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Real-life outcome of anti-tumor necrosis factor α in the ambulatory treatment of ulcerative colitis

Published on Mar 21, 2015in World Journal of Gastroenterology3.41
· DOI :10.3748/wjg.v21.i11.3282
Enayatullah Baki1
Estimated H-index: 1
,
Philipp Zwickel2
Estimated H-index: 2
+ 4 AuthorsAnnika Gauss7
Estimated H-index: 7
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Abstract
AIM: To evaluate the outcome of anti-tumor necrosis factor alpha (anti-TNFα) therapy in outpatients with ulcerative colitis at a tertiary referral center. METHODS: All patients with a confirmed diagnosis of ulcerative colitis undergoing therapy with infliximab and/or adalimumab at the outpatient clinic for inflammatory bowel diseases at the University Hospital Heidelberg between January 2011 and February 2014 were retrospectively enrolled. Patients with a follow-up period of less than 6 mo from start of anti-TNFα therapy were excluded. Medical records of all eligible individuals were carefully reviewed. Steroid-free clinical remission of a duration of at least 3 mo, colectomy rate, duration of anti-TNFα therapy, need for anti-TNFα dose escalation, and the occurrence of adverse events were evaluated as the main outcome parameters. RESULTS: Seventy-two patients were included (35 treated with infliximab, 17 with adalimumab, 20 with both consecutively). Median follow-up was 27 mo (range: 6-87 mo). Steroid-free clinical remission was achieved by 22.2% of the patients (median duration: 21 mo until end of follow-up; range: 3-66 mo). Patients attaining steroid-free clinical remission displayed lower hemoglobin and albumin blood levels at the start of treatment than those who did not achieve remission. The overall colectomy rate was 20.8%. Nearly 50% of the patients underwent anti-TNFα dose escalation during the follow-up period. For both the infliximab and the adalimumab treated patients, non-response to anti-TNFα therapy was the major reason for treatment discontinuation. 18.2% of the infliximab-treated patients and 13.5% of the adalimumab-treated patients had to discontinue their therapy due to adverse events. CONCLUSION: Real-life remission rates of ulcerative colitis under anti-TNFα are overall low, but some patients have a clear long-term benefit.
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References25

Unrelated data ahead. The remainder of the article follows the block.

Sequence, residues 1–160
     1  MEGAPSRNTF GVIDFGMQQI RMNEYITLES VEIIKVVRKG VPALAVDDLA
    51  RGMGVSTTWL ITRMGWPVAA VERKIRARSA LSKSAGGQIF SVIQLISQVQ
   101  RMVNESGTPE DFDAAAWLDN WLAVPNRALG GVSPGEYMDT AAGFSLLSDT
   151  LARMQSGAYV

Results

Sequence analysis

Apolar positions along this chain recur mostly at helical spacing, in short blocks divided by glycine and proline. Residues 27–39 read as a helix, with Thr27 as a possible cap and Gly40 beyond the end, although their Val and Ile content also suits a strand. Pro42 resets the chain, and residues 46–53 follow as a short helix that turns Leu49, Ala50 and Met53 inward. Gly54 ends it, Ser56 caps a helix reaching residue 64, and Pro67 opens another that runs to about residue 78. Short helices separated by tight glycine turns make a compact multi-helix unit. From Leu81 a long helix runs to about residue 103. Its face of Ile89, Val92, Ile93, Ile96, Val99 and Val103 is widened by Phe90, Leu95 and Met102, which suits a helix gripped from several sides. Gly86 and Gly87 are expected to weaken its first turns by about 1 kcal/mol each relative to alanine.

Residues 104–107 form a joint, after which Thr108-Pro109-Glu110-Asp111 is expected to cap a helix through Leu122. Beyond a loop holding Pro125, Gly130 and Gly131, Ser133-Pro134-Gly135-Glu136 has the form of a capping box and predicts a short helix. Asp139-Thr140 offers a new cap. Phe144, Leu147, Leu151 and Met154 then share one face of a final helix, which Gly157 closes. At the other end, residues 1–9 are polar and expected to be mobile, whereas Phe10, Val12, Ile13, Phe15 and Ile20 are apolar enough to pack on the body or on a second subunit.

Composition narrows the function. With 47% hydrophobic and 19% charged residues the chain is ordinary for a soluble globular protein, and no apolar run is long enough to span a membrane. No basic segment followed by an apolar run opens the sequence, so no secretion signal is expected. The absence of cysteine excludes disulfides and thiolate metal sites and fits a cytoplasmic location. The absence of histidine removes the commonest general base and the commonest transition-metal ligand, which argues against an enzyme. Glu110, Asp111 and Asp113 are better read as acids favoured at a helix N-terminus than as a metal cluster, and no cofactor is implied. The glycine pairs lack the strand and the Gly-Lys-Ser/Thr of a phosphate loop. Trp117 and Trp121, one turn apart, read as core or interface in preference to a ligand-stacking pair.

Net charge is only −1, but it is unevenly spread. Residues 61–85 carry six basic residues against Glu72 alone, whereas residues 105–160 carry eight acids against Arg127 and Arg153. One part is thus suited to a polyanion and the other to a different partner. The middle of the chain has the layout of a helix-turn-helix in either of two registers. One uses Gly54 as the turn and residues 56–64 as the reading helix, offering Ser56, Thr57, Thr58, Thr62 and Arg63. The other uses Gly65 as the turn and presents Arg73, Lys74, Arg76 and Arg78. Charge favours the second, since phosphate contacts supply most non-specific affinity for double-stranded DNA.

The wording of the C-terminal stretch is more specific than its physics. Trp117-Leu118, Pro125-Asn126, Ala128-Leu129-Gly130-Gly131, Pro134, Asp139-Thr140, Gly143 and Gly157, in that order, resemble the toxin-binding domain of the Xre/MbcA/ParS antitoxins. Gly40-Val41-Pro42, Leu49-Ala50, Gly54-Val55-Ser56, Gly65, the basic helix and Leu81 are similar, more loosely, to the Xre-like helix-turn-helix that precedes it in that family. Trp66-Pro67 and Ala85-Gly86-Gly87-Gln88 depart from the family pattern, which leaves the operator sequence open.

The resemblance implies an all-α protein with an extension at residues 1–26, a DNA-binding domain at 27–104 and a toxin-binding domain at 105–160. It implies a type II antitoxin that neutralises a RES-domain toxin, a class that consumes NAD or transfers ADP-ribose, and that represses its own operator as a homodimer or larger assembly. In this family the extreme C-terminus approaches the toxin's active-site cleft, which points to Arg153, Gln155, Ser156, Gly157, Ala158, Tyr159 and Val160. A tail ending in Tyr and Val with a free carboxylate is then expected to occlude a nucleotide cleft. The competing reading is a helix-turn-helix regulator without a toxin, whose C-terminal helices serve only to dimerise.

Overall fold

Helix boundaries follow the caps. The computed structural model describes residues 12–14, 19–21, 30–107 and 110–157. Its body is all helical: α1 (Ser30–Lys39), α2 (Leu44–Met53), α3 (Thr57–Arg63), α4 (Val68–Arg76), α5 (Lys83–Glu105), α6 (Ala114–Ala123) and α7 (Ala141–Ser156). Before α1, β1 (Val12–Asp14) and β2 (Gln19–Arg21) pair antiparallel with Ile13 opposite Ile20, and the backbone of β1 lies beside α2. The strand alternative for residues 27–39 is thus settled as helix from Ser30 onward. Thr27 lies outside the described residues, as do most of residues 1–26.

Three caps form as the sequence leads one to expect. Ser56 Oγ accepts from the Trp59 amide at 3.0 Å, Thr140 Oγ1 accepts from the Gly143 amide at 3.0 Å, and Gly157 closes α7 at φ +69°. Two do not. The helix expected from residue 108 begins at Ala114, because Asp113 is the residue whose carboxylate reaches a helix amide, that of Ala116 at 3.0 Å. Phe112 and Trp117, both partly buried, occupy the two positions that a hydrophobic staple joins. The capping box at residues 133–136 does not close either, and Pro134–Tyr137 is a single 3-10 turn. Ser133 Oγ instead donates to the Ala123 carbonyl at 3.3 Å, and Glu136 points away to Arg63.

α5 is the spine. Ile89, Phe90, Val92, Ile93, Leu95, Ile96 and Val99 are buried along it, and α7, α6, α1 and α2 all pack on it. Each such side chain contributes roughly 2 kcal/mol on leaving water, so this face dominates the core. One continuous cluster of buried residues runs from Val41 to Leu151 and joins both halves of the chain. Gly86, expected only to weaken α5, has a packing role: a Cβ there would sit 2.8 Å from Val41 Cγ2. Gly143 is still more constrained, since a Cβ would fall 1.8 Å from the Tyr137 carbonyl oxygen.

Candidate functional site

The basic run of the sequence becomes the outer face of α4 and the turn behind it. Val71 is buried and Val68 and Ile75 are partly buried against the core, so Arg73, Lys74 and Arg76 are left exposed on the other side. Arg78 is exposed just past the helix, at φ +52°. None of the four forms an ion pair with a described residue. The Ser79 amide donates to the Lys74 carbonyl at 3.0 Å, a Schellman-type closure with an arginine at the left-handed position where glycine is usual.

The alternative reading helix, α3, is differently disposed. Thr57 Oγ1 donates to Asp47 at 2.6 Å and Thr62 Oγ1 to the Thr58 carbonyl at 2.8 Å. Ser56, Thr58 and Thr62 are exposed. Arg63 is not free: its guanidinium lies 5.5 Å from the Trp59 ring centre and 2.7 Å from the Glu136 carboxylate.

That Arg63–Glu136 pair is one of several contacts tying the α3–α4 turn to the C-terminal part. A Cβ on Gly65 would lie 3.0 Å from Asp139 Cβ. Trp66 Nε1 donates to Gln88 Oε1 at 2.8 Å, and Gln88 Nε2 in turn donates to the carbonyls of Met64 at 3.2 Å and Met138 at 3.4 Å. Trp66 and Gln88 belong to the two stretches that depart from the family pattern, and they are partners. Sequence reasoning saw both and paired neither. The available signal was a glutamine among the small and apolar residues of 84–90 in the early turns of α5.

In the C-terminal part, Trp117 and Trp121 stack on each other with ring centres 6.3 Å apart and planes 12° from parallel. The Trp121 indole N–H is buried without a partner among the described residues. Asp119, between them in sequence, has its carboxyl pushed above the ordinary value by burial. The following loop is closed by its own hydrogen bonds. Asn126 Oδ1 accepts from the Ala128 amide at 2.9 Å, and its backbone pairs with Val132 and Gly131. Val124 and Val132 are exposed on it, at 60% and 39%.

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#1You Lian Zhou (Southern Medical University)H-Index: 1
#2Shan Xie (Southern Medical University)H-Index: 3
Last.Ye Chen (Southern Medical University)H-Index: 10
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#1WilliamJSandborn (UCSD: University of California, San Diego)H-Index: 134
#2Brian G. Feagan (UWO: University of Western Ontario)H-Index: 94
Last.Walter ReinischH-Index: 73
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#1WilliamJSandborn (UCSD: University of California, San Diego)H-Index: 134
#2Brian G. Feagan (UWO: University of Western Ontario)H-Index: 94
Last.Walter ReinischH-Index: 73
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#1WilliamJSandborn (UCSD: University of California, San Diego)H-Index: 134
#2G. Van Assche (Katholieke Universiteit Leuven)H-Index: 79
Last.Roopal ThakkarH-Index: 21
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#2Salvatore Bellinvia (University Hospital Southampton NHS Foundation Trust)
Last.Christopher J. EdwardsH-Index: 36
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#1Daniel J. Wong (BIDMC: Beth Israel Deaconess Medical Center)H-Index: 6
#2Daniel J Wong (BIDMC: Beth Israel Deaconess Medical Center)
Last.Vitaliy Poylin (BIDMC: Beth Israel Deaconess Medical Center)H-Index: 9
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#1Erika Lehtola (HYKS: Helsinki University Central Hospital)H-Index: 1
#2Johanna Haapamäki (HYKS: Helsinki University Central Hospital)H-Index: 12
Last.Martti Färkkilä (HYKS: Helsinki University Central Hospital)H-Index: 59
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